Monthly Archives: August 2016

The Night Of Review


The real strengths of HBO’s The Night Of are placed right front and center in the first episode. The hour chronicles the titular night, and we sit with future-murder-suspect Nazir Khan as his journey out to a party goes from ethereal to tragic. This episode is impeccably directed, with gradual shifts in tone emphasized by the color pallette and a softened depth of field. Director Steven Zaillian does a terrific job of drawing our attention to the little details that seem small in the moment, but will be significant down the road.

The decision to begin a criminal procedural mini-series with an episode that features practically no procedural elements is a real stroke of brilliance, and it colors our perspective of the whole show moving forward. We trust that Nazir is innocent not only because we know that his account of the night is truthful, but because he is our initial eyes and ears into the world. We have no reason to doubt him, since his perspective is our reality. Meanwhile, introducing some of the key points of contention in the first episode makes the procedural elements even more engaging. We have a real point of reference from watching the events unfold on our own.

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Who’s To Blame For High Expectations?


The long-awaited Playstation 4 space exploration title No Man’s Sky finally released this month, and while some are enjoying the game, its overall reception hasn’t been pretty. In its current state, the game is a bit of a buggy mess, with many PS4 users (and even more PC users) reporting frequent game crashes and, occasionally, needing to restart the game from the beginning to get past issues. Bugs at launch alone wouldn’t be especially noteworthy in today’s release-first-patch-later publishing culture, but No Man’s Sky has also failed to meet most gamers’ expectations. Many were expecting a practically infinite world full of things to do, but found themselves repeating the same boring tasks over and over again for dozens of hours, until they reached the center of the galaxy and (mild spoilers) essentially got to do it all over again.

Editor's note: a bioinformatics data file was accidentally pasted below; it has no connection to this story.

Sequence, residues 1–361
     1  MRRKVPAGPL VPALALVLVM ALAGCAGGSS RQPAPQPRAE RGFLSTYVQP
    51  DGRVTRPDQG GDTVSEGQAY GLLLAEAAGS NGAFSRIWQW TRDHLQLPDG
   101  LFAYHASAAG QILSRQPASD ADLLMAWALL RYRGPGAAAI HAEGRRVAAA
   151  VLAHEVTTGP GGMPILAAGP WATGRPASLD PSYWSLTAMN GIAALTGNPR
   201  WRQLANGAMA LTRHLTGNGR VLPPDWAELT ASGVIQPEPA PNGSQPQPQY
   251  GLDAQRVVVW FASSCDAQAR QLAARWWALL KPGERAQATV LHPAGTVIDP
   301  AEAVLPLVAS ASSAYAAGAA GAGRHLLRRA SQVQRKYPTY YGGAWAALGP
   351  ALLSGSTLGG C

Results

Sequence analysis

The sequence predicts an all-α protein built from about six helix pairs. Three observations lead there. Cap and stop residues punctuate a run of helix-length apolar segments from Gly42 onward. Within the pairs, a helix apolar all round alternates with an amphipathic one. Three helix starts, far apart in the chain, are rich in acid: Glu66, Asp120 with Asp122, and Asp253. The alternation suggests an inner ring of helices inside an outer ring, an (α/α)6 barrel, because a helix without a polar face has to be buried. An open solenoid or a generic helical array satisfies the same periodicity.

For many, it’s disappointing. For others (*cough*me*cough*) it was inevitable from the start. Hello Games, the independent development team that created No Man’s Sky, is made up of 15 employees. Sure, they may have created an algorithm that mixed and matched a number of elements and created 18,446,744,073,709,551,616 planets (allegedly), but that doesn’t mean that said planets are wholly unique, nor does it say how many different variables can go into the flora and fauna of the game. And even if they created hundreds of variables for the planets and lifeforms that inhabit them, after a dozen hours or so, you’re going to be looking at various mashups of things that you’ve already seen.

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Subjectivity in Storytelling: When It’s Okay To Lie To Your Audience


(The following contains spoilers for Mr. Robot and The Walking Dead)

I’ve been very critical about how The Walking Dead has treated its audience over the last season. First, when the Glenn fakeout debacle occurred, I wrote about how such trickery betrayed the trust that the show had established with the viewer and weakened the stakes of the series. Then, when the show decided not to tell the audience who died at the end of the season, I called them out for cheaply manipulating the audience in hopes of increased ratings. I still stand by both criticisms: The Walking Dead had an unfortunate habit of being dishonest with its audience last year, and it soured a lot of the more positive aspects of the season.

However, since writing those articles, I’ve caught up with another show that is somewhat notorious for lying to its audience. The first season of USA’s Mr. Robot structured itself around the fact that there was more to the story than we were being told. While the viewer likely realizes that something is amiss, and may be able to predict a particular twist (especially if they’re familiar with Fight Club), the full scope of the show’s withholding isn’t revealed until late in the season.

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Hardcore Henry Review


Hardcore Henry is a lot smarter than people are giving it credit for.

Perhaps that’s not surprising. The film is a representation (and arguably, a glorification) of all of the things that run rampant in modern video games. Shot entirely in first person, Hardcore Henry is gloriously over-the-top in its action, breathlessly paced, and one of the most violent films in recent memory. It’s also crude, short on character development, and far more interested in cool moments than a traditional plot arc.

But Hardcore Henry is absolutely aware of these things. They’re not so much flaws as intentional nods to the video game medium, both positive and negative. This becomes overtly apparent towards the end (more on that in my Spoiler Section below), and for better or for worse, Hardcore Henry shows a great understanding of the “language” of the gaming medium.

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